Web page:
I will never forget what they did/do to me. Forgetting these things will leave me open for more hurt. I will always expect them to do something different, and hurt me again. I don’t expect them to change any longer. I expect them to keep secrets from me, to be rude to me, to think I’m not a whole person because I have Bi-Polar I disorder….I’m not even sure they believed anything was wrong with me until I lost my hearing.
    No I won’t forget.

    And as much as I try, and often think I have forgiven them….it’s difficult when I really think they could do other actions. I’ve even told them what I need to feel like more of a member in this family. So they know. They simply disregard it.

    If someone hurts me once, and they ask for forgiveness, or they really didn’t mean to, I’m quick to forgive.
    But it’s when the hurt is inflicted (or tries to be inflicted) over and over, that’s hard to forgive.


    • Wendy,
      I Don’t think you have to forgive. It’s just an option. It’s easier to forgive people for being stupid and callous than family members who disregard you. It seems like they are not capable of acting like loving family, only capable of acting like hurtful family. They are missing out on so much by not having a wonderful, talented and loving person like you in their lives.

      I agree that when the hurt is inflicted over and over one doesn’t have to forgive. But certainly not put yourself in harms way by trying to get what they are incapable of giving. Hard to grasp the idea that family is not loving. The title of family needs to be earned, not just a birth right.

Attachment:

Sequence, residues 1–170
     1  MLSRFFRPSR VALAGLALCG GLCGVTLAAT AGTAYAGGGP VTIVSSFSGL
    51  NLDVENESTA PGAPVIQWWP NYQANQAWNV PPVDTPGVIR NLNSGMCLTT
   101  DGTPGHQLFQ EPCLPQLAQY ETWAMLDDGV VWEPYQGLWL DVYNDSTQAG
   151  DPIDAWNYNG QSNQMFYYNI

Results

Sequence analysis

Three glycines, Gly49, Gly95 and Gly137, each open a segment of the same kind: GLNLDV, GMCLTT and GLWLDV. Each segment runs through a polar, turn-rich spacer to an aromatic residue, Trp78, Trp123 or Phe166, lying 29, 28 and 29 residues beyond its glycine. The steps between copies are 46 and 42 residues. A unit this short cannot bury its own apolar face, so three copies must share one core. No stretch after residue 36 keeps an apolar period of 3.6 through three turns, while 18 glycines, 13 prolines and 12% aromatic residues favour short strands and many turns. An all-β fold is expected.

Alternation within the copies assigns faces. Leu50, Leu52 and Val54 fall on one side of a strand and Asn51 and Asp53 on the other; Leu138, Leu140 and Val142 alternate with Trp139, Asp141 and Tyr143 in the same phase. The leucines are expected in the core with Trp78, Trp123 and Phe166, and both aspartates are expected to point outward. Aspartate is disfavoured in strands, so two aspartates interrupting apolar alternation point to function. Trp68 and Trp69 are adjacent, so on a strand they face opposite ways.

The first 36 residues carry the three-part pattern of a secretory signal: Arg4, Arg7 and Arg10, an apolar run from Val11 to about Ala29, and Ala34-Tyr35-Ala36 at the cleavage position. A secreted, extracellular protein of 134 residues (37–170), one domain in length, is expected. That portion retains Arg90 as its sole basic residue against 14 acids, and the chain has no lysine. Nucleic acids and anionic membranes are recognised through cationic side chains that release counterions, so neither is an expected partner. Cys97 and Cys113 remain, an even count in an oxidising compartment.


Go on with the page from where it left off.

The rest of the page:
3. Unforgiveable, hmmmm, I would think anything is forgiveable-depending on the forgiver.

    I’m still working on forgiveness for when you taunted me with the Satruday sirens (faked injury by the “air raid”-I still hate loud noises) and may not be able to fully process or rationalize forgiveness (due to possible brain stem injury) your jumping up and down while holding my head between your knees. But then, I was 2 or 3 and probably thought it was FUN. Doubt if you’ve been carrying around any guilt over these from 50 years ago…but aat any rate, you’re forgiven, and loved!


  4. This is so well written and beautiful with an exceedingly profound message… I remember having Dr. Wyne Dyer on Forgiveness and recall that about 20 years ago I had undertaken an exercise in forgiveness…had made a list of 08 people from whom I needed to seek forgivness as I had made some mistake..I connected with few of them through letters and others in person.. and it was so wonderful to see them forgiving me.. and an essential part of this exercise was that I needed to forgive who I perceived had made some mistake to me.. suddenly felt so light… as Mark Twain wrote: “Forgiveness is the fragrance that a violet sheds on the heel that crushes it”..
    Now what is unforgivable: Living a life in resentment and regret…. we need to learn to practice happiness.. that should be our way of life… Thanks Judy for this wonderful write.. RS:)